As to the COD, I loved the surface reading of 25a, the wordplay of 7d was cracking, but the following had a bit of both:

16d Plant came up, beginning to revive in spring month (8)

Saturday 13th July 2019

In the comments of the original Fifteensquared blog here, Phi tells us that this was his 200th crossword for the Independent – belated congratulations to him on that milestone – and also that his father used to tell a joke which presumably went something like ‘They call me Isaiah, ‘cos one eye’s higher than the other’.  If you already knew that particular rib-tickler, you may also have realised that the answer to the question posed in those asymmetric top & bottom unches WHICH PROPHET was that the eye on the right in 12a ALL MY EYE was higher than the eye on the left in 13a EYELINER. Quite beyond me though – even with the helpful hint from JonofWales last Saturday (I just thought those two EYES must be a homophone for the abbreviation for Isaiah).

As for the clues –  according to my marginalia 6 were tickworthy, which is about par for a Phi. For the COD I liked the Britten clue at 19a, but thinking of the golf lovers among us let’s go with what might prove to be a description of the back 9 at Portrush this afternoon:

10d Opening crucial stage of Open? (7)

Saturday 6th July 2019

A grid with peripheral unches from Phi means there’s a high probability of a Nina, but for me it took a while to spot because my first few answers fed into the Nina-free bottom row. What was waiting in store was the opening of Jaques’ monologue from As You Like It, ALL THE WORLD’S A STAGE in the shape of a proscenium arch; and as if to point out the fact there was said theatrical feature as the answer to 12/24d. Nice. It may remind you of a different take on the same Seven Ages of Man speech given to us by Radian a year or so ago.

No other dramatic references apart from the somewhat unusual BUSKIN at 15a. That’s a word which appeared neither in Ancient Greece (its origins are French) nor in the modern study of it (Mrs C is a drama teacher) but does feature in certain literary works of a certain era I think, to describe Greek tragic theatre. I’d never met it.

Other entries of note were WAHINE at 1d, reminding us of Phi’s place of residence, and the use of CHARA, short for ‘charabanc’ in 8a. I did enjoy the La Mancha/ LA MANCHE clue very much, but my COD goes to the cheeky clue that drew some comment last weekend on these pages. Here it is again:

3d Produce new design for borders of speed-limit sign? (4)

And click here for all the answers with their parsings from the ever-reliable Bert and Joyce.

Saturday 29th June 2019

I was strongly minded to give last Saturday’s puzzle the thumbs-up, but when the 2015 Fifteensquared blog reappeared yesterday somebody pointed out in the comments that there’s a ghost theme centred on various facets of the film ‘Interstellar’ – which I’ve never seen. If you spotted that and thereby managed to finish the puzzle, bravo, but as I didn’t, I now feel disgruntled because I’ve failed.  I’ve failed to see something that, evidently, others did see.

Call me old-fashioned but I thought the point of a cryptic crossword puzzle was to appear to be completely baffling but then, upon careful thought and application, for the solver to experience a series of mini revelations as bamboozlement becomes clarity and all resolves itself, offering a warm glow of satisfaction and maybe even an existential feeling that life’s other problems could be solved too – if only we had forty-five minutes of peace, quiet, a cup of coffee, and our favourite ball-point pen.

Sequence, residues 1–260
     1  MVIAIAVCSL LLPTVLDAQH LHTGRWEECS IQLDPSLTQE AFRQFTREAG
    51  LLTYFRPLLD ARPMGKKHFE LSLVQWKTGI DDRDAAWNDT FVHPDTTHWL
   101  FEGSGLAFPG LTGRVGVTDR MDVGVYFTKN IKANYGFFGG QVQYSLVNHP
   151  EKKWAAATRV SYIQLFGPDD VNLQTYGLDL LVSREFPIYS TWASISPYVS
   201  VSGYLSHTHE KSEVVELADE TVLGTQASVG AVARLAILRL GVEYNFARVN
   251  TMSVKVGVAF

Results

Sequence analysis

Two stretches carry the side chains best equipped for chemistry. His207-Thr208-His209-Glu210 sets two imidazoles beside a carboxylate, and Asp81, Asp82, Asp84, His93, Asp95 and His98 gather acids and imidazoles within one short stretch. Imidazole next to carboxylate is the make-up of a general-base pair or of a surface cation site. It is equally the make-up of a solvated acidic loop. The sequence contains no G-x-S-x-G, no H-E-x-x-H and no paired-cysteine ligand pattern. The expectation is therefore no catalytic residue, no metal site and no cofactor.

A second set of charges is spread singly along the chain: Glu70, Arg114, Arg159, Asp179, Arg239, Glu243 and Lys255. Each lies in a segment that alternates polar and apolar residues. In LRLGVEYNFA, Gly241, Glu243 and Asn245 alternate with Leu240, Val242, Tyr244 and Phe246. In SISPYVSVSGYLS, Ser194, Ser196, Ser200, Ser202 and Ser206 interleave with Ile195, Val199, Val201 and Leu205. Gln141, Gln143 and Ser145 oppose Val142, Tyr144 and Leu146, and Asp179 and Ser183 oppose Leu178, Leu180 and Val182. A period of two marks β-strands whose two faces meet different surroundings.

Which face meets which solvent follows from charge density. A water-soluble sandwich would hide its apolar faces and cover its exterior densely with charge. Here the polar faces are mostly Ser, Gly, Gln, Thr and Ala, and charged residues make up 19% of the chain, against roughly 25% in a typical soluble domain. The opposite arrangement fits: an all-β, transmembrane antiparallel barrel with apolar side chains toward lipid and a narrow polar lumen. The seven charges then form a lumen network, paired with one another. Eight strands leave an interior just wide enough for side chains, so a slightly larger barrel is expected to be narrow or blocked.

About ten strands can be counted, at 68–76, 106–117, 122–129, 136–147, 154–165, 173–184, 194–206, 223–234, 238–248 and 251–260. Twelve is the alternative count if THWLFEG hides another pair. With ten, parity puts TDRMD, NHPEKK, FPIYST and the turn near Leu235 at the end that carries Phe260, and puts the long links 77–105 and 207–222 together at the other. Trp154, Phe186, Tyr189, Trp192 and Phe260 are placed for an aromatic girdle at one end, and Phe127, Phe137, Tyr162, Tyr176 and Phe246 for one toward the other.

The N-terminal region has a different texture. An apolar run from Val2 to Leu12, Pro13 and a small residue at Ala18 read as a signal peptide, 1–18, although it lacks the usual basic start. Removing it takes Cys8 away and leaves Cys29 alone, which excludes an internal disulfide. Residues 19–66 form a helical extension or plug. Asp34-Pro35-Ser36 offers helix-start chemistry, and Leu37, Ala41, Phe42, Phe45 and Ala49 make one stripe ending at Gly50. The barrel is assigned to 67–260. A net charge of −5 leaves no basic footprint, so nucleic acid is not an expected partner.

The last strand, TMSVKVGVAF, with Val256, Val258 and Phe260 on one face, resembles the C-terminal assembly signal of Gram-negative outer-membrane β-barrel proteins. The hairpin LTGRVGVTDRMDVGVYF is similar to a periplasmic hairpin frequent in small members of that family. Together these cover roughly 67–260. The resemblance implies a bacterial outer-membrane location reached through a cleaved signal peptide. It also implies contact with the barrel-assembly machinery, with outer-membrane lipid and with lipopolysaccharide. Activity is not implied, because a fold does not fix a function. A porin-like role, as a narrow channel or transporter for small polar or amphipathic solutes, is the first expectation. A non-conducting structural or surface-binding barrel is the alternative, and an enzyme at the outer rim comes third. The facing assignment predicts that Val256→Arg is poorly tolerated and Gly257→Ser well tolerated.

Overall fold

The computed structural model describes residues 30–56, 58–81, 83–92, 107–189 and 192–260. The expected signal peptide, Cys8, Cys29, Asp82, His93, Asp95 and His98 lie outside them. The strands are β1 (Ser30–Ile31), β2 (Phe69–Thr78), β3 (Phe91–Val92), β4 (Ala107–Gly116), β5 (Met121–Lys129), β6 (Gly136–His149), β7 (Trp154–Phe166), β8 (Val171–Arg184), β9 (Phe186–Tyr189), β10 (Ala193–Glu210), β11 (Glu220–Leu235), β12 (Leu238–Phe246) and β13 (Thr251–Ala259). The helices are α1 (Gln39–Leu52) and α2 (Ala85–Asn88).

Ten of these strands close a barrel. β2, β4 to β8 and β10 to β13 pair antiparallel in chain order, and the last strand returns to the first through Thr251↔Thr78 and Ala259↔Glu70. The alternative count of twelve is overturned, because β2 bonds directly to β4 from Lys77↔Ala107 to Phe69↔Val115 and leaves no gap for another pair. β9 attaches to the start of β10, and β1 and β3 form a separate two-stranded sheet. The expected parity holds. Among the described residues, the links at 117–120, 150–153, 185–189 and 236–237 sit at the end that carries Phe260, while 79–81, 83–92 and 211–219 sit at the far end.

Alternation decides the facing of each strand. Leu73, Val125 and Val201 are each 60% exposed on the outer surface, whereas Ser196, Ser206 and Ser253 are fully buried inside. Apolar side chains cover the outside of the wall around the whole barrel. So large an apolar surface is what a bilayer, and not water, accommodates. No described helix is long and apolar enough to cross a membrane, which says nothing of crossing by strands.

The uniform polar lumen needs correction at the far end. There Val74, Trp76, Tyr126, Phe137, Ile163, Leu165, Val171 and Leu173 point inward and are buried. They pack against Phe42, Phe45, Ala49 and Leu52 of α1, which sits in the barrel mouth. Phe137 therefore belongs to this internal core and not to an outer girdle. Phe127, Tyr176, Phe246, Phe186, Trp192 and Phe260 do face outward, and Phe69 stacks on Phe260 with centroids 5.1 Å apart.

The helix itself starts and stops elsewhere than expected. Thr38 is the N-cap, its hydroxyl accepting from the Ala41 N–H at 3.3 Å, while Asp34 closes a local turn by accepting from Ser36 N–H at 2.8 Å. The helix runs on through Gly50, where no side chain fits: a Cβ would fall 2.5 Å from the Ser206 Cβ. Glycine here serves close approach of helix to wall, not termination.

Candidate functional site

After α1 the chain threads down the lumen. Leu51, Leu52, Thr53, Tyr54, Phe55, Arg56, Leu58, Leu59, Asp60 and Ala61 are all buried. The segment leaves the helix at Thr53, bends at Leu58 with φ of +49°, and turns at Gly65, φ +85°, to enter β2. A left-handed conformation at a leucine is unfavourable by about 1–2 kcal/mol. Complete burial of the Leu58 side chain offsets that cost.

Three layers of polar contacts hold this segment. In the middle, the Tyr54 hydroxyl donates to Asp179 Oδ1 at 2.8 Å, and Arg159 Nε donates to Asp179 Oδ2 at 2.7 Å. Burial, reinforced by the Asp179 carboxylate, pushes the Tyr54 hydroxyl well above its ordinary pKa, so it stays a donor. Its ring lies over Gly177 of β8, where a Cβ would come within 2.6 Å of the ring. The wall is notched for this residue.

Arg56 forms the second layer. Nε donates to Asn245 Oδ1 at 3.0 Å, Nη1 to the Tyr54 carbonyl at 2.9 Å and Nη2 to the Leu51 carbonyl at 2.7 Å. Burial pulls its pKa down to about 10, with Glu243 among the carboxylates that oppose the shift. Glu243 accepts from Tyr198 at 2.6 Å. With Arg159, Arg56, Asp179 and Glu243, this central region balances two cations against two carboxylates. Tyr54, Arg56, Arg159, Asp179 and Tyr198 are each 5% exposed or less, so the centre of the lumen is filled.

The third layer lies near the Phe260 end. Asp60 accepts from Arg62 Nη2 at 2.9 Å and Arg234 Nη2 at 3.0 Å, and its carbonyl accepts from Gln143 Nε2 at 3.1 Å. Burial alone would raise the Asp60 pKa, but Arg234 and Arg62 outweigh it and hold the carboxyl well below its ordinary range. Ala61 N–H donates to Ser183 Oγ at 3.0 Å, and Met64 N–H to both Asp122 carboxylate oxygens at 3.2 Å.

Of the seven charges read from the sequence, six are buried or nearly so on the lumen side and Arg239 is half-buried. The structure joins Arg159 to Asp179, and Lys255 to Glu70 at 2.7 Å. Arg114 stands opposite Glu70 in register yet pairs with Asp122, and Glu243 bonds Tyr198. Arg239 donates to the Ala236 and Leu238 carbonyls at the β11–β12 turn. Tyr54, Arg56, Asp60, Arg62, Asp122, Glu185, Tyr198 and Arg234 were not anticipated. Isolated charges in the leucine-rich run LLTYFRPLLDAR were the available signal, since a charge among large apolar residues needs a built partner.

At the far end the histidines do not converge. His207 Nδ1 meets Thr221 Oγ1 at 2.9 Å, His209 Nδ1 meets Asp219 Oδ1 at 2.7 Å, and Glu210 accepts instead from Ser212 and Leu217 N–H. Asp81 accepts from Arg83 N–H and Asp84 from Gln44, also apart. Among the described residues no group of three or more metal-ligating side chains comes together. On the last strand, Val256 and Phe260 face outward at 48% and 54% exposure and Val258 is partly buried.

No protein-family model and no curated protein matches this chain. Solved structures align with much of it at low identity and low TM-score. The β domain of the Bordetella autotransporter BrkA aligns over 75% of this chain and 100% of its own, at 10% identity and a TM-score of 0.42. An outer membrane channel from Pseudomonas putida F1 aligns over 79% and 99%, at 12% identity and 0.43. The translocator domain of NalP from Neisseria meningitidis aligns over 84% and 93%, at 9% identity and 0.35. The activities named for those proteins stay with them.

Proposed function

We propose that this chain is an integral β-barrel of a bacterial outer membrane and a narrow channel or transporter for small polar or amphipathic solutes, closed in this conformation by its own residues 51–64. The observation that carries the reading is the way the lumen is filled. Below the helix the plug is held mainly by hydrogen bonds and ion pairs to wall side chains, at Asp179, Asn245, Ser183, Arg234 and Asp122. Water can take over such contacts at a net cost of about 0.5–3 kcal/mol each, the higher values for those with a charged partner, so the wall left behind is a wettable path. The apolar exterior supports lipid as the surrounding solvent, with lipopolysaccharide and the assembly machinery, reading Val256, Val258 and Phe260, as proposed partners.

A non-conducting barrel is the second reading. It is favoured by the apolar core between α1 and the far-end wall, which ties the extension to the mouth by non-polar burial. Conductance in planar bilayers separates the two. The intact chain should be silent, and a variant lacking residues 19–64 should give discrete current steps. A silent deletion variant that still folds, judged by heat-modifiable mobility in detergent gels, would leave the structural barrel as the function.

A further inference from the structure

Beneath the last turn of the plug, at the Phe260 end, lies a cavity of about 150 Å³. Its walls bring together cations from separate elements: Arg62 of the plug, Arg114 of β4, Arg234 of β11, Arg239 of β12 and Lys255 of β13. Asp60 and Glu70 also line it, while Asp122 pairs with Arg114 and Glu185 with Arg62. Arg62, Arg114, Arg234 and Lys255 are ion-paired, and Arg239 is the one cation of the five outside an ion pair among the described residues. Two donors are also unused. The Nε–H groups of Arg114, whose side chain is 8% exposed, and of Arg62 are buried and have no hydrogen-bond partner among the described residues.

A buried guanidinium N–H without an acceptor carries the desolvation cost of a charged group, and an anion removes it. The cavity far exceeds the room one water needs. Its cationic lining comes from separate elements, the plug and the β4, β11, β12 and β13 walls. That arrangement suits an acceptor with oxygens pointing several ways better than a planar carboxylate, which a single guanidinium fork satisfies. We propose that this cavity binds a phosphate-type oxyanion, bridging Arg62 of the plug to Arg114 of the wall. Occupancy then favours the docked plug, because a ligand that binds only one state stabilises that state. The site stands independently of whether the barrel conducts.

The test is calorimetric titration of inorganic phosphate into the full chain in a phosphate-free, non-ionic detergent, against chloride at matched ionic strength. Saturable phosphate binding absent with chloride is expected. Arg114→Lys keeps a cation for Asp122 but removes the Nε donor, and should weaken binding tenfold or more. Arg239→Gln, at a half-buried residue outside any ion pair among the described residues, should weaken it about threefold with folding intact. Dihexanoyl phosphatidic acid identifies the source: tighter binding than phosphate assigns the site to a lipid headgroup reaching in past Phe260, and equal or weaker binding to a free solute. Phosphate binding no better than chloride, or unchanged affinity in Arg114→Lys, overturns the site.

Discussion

So I’m sorry Phi, I don’t buy the ‘it’s just a way to fill the grid’ line. Or if it is, please find a different way. Ghost themes ARE part of the puzzle and should be solvable too.

Right, rant over! And apologies to regulars for repeating myself on the subject.

How about those clues? Six ticks, two unsmiley faces. Not too bad.

COD can’t go to the nifty A to L +L clue for Atoll because he used exactly the same clue last year, so it goes to the following:

20d Consumer continues picking up last three (3,4)

Saturday 22nd June 2019

I found everything thoroughly agreeable for the first ¾ last Saturday, but then that SE corner presented me with a few problems. The first was my fault – having spelled Colonel Bogey ‘Bogie’ I couldn’t get Pyramids across the bottom, then once I’d realised my mistake there was Giocoso intersecting Palooka, both unknowns, to cause some lengthy head-scratching at the very end.

On the other hand that quarter also included my favourite clue – and pretty much how I imagine Phi sees himself as a setter:

20d Mostly to tease, entrapping solver, is very pleasant (6)

For those who like marches (that won’t be me then) there was a ghost theme that was easy enough to spot but fiendish to see in its entirety. We had the aforementioned Colonel Bogey, Pomp and Circumstance, Turkish, Joyous, Homage, and Slave. I’ve never heard of those last four. In the comments section over at Fifteensquared in March (yes) 2015, one aficionado points out that there’s also a March of the Pyramids, which Phi hadn’t realised; so he got the last laugh on behalf of all us solvers. Thank you Cookie.

Saturday 15th June 2019

For me the best thing about last Saturday’s prize puzzle was the Nina gag. We had MAGRITTE – he of ‘Ceci n’est pas une pipe’ fame – at 25a and a Nina in columns 1 and 15 which read NO NINA IS HERE. Ho-ho.

I hope you liked the clues, for me they were something of a disappointment. But maybe my frustration was simply caused by the difficulty being racked up a bit? I could only find it in myself to give a tick to three clues – 5d, 6d and the following, which gets the COD award:

2d Clarifies the history of some mountains? (8)

But frankly I didn’t have much fun with this crossword at all so, rather than go into a long list of gripes and niggles, I shall leave things there and point you towards Bert & Joyce’s ever-reliable blog from 2015.